When I came home, I shared my thoughts with my mom, who agreed that it’s important for me to maintain my career.  Always wise, she said the following:

It may be very hard to think about, but although Lucy is the most important person in your life, you won’t be the most important person in her life.  And that’s how it should be.”

I apparently taught my mom that lesson early on.  At the tender age of 8, as she loves to recount, I wrote her a Mother’s Day card with the sentimental note, “Just think — only 10 more years.”  In other words, I was envisioning my departure from the house before I had even left elementary school!  It’s so hard to imagine when she is just a baby, but Lucy may very well be the same way, and I need to be able to laugh about it.  I think that will be much easier to do if I hold on, to some degree, to the “old me.”

Out and About

13 Jan

This isn’t my house…

Today was our first time ever taking Lucy out, other than walks around the neighborhood or trips to the pediatrician’s office.  Our friend T. had us, and our friend O. and her family, over for brunch for her to-die-for waffles, along with eggs, sausage and bacon (actually, turkey sausage and turkey bacon, which was surprisingly good and bacon-y).  This totally hit the spot — as I mentioned previously I lurrrve breakfast foods and adore going out to brunch but I haven’t done so since pre-Lucy.

T. has a daughter who will be 2 in March, and O. has a 4-year-old son and a son who will be 2 in April, and a baby girl on the way!  T. and O. exclaimed over how tiny Lucy is, and Hubs and I had fun watching the other kids play and thinking about what it will be like when Lucy is able to run around with them.

T. also made her killer red velvet cake and I got to blow out my candle.


Because 33 candles is a fire hazard.

Hubs and I were admittedly nervous about our first excursion with Lucy, but this was a good way to get our feet wet (baby steps, so to speak).  Soon enough we will be out and about with her all the time, so we need to get used to it!  Among other things, I start Mommy & Me classes in three weeks, which I’m sure will be fodder for future posts.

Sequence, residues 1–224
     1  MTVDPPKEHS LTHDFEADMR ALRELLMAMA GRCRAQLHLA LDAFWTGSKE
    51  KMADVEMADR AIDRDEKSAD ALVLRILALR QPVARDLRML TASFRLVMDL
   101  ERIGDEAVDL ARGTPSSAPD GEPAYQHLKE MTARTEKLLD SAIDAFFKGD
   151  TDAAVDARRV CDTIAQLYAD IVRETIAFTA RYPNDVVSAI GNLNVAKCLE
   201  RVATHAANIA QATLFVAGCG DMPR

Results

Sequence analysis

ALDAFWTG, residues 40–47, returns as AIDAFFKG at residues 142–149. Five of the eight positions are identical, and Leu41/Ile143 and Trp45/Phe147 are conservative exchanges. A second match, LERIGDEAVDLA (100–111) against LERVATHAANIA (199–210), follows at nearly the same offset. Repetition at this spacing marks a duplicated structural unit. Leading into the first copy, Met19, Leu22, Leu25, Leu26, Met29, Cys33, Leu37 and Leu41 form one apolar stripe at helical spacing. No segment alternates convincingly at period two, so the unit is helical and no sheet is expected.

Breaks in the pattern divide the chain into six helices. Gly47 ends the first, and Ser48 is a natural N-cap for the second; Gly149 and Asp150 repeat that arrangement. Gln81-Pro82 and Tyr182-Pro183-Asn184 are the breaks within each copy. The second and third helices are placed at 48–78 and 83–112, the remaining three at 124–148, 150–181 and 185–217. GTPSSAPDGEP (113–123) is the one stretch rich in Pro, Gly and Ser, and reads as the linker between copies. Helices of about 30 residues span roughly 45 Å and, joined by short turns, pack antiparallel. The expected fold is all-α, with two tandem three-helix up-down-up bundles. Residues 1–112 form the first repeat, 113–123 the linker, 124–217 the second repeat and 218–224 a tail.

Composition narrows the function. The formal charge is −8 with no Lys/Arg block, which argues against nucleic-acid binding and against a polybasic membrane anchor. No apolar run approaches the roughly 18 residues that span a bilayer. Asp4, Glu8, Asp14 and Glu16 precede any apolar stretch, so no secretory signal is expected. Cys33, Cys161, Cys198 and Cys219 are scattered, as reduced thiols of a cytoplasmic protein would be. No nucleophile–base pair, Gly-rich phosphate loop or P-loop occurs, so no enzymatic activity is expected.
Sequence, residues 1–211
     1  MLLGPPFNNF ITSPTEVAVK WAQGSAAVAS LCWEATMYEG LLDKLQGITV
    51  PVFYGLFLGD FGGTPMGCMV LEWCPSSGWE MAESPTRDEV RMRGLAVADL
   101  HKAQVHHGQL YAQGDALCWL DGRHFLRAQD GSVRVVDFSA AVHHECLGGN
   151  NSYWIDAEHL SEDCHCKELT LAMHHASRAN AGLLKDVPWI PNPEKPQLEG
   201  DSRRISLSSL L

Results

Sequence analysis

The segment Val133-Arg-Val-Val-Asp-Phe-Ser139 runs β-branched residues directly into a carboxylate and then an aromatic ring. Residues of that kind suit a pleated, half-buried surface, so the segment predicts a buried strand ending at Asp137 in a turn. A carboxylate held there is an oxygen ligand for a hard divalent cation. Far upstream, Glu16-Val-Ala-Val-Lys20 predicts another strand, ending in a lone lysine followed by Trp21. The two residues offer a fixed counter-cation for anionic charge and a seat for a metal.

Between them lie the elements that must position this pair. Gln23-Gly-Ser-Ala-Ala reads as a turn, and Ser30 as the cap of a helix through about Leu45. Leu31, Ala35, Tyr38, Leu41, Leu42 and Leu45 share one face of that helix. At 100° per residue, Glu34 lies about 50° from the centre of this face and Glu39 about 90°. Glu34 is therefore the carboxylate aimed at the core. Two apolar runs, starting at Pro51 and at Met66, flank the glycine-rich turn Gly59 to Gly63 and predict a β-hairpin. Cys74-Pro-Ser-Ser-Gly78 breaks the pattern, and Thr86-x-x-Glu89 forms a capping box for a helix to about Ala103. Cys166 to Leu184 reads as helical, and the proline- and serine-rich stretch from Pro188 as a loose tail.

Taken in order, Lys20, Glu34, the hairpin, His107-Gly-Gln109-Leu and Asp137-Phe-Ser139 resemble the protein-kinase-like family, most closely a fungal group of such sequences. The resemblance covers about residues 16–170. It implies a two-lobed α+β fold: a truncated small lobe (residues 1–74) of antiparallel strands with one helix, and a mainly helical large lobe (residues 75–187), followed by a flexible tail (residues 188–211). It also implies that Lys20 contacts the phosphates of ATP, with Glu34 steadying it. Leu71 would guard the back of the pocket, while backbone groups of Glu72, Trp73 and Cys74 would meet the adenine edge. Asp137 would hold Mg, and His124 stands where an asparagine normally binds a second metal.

Time to watch the Golden Globes.  Normally I don’t care, but who can resist Tina Fey and Amy Poehler as co-hosts?

33 + 1 Day

12 Jan

Happy birthday Mommy!

To live is so startling it leaves little time for anything else.  -Emily Dickinson

I can already tell that I am going to have to make a serious effort if I want to accomplish my resolution to blog every single day!  Don’t get me wrong — I love to blog and I’m committed to it, but life definitely gets in the way.  It’s amazing how quickly a day flies by with Lucy.  Today we did some cleaning up around the house, Hubs took down the Christmas tree (if any fire marshals are reading this, don’t worry — it’s a faux tree from Target), we took a walk to do some errands, feeding and playing with Lucy in between, and boom, it’s 4:30 pm.  

My birthday evening ended up being exactly what the doctor ordered.  Perfectly low-key, but more fun and festive than the average evening.  Lucy was all dressed up in an adorable outfit that one of my friends gave her for Christmas (photo above) and was in a good mood, the food was delicious, the company was great, and as a special treat for myself, I decided to have my first glass of wine since I found out I was pregnant in March.  (I confess that I felt slightly buzzed after one small glass!  Can you say lightweight?)  Since I’m pumping milk to feed Lucy (yet another future blog topic — I swear I’m going to get to all these at some point, dear readers!) I’m not going to resume drinking except for special occasions, but it was nice to be able to enjoy it last night.

Normally I have misgivings about my birthday, but this year I feel for the most part very content with where I’m at.  Bring it on, 33!